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Jane Austen meets Bleak House in an engaging historical novel about the demands of marriage in late 18th-century England.

The first installment in a proposed trilogy, the book centers on Mary Cole, a Gloucester butcher’s daughter whose chief virtue is an unalterable sense of goodness, a quality hard to maintain as the youngest sister of two unapologetic harlots. Barely 16 years old, Mary catches the eye of notorious lothario Frederick Augustus, the 5th Earl of Berkeley, who has always sworn to avoid the prison of marriage. Frederick senses that a beautiful saint like Mary can save him from his immoral ways and stops at nothing to seduce her. When she refuses his advances, he manipulates her family’s dire economic state and tricks her into unwedded communion. Despite Mary’s true love for James Perry, an aspiring young lawyer with only the purest of intentions, she gives up her happiness to save her family. Answering demands that they marry, Frederick sets up a fraudulent marriage contract, one that he convinces Mary can never be revealed because of her low social status and the indecent reputation of her sisters. During the next 15 years, she bears a half-dozen children and potential heirs but finds that claiming a birthright for her seemingly illegitimate sons will become the fight of her life. Through the narrative thread concerning Frederick’s aversion to marriage, Cole explores the marital adventures of Frederick’s close friend the Prince of Wales, whose desire for the twice-widowed Maria Fitzherbert runs afoul of the Royal Marriages Act of 1772–it prohibits the prince from marrying without the consent of his father King George III, who disapproves of the widow’s Catholic faith. The novel moves along like a runaway carriage and features many delectable trappings–chance encounters at the opera, duplicitous servants, church officials taken to drink and hidden agendas–found in the very best Victorian novels.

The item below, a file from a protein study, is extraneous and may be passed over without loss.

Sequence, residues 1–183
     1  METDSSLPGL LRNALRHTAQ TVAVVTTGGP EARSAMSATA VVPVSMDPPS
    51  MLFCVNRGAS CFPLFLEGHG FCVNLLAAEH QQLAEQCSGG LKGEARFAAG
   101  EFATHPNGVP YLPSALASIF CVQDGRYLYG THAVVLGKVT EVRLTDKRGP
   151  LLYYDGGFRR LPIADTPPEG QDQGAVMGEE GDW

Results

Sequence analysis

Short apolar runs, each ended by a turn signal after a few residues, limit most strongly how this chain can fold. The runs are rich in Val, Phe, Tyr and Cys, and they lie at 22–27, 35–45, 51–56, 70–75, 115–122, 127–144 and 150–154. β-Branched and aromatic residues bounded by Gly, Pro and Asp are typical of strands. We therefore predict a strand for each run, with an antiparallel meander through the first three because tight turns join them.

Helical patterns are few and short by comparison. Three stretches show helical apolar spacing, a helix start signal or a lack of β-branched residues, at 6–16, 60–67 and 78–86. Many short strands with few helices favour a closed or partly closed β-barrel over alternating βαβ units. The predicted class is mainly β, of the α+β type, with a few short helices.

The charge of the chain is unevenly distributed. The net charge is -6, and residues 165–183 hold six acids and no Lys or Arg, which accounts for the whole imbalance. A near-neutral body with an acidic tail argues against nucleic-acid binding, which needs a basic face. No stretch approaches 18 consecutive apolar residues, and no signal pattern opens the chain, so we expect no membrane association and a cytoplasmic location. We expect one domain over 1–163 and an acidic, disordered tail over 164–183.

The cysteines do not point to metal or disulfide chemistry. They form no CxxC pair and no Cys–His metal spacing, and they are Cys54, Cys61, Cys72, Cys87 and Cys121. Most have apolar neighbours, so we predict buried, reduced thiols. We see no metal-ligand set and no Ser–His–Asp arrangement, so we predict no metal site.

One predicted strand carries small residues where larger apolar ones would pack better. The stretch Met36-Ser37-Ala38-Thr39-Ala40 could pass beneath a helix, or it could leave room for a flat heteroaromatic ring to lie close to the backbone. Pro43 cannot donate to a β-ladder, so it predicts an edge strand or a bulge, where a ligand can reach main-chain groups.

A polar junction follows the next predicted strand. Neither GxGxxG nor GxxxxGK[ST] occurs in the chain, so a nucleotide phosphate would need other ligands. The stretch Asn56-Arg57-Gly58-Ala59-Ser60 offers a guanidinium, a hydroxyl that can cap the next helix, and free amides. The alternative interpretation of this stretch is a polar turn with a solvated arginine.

An entertaining treat with enough history to satisfy serious-minded readers.

HISTORICAL NOVELS REVIEW (August - November quarter 2008)

THE WOLF AND THE LAMB: First Book of the Berkeley Series

Rosy Cole, New Eve Publishing, 2008, 2013 £13.95, pb, 304pp, 9780955687716

Mary Cole, a butcher’s daughter from Gloucester, is ignorant of the ways of the world. In a time when men of the aristocracy had “official” mistresses, the unscrupulous wandered the country abducting women without penalty. Mary is soon spotted by the Earl of Berkeley, a blackguard and womanizer, who decides that he must possess her. Through tricks and corrupt dealings, including the betrayal of Mary by her sisters, he abducts her, and she becomes his mistress.

Mary’s distress and Berkeley’s weakness for her leads them to marry in secret, but he forces the priest to burn the marriage record; thus hidden, Mary could not take the name of Berkeley. After many years and many children, Mary convinces the Earl to marry her publicly, but the children born before this marriage would not inherit the family title. It becomes their mission to prove the earlier marriage and restore their sons’ rights. Society is against them, and their battle has just begun in this, the first volume of the Berkeley Trilogy.

Mary’s plight is told with compassion and the shameful history of England’s “great” families is retold with skill and evident research. Beyond Mary, there is too little character development, a difficult task when the author includes the multitudes connected to the Berkeleys during that period. Cole’s talent shines brightest in the scenes between Mary and her mother, revealing the pain of Mary’s shame and her mother’s inability to understand Mary’s determination to remain in the Berkeley household. Equally impressive is Cole’s attempt to unravel the tangled web of the families and loyalties of the peers.

This novel will be enjoyed by anyone interested in the position of women and political turbulence in England at the end of the eighteenth century.


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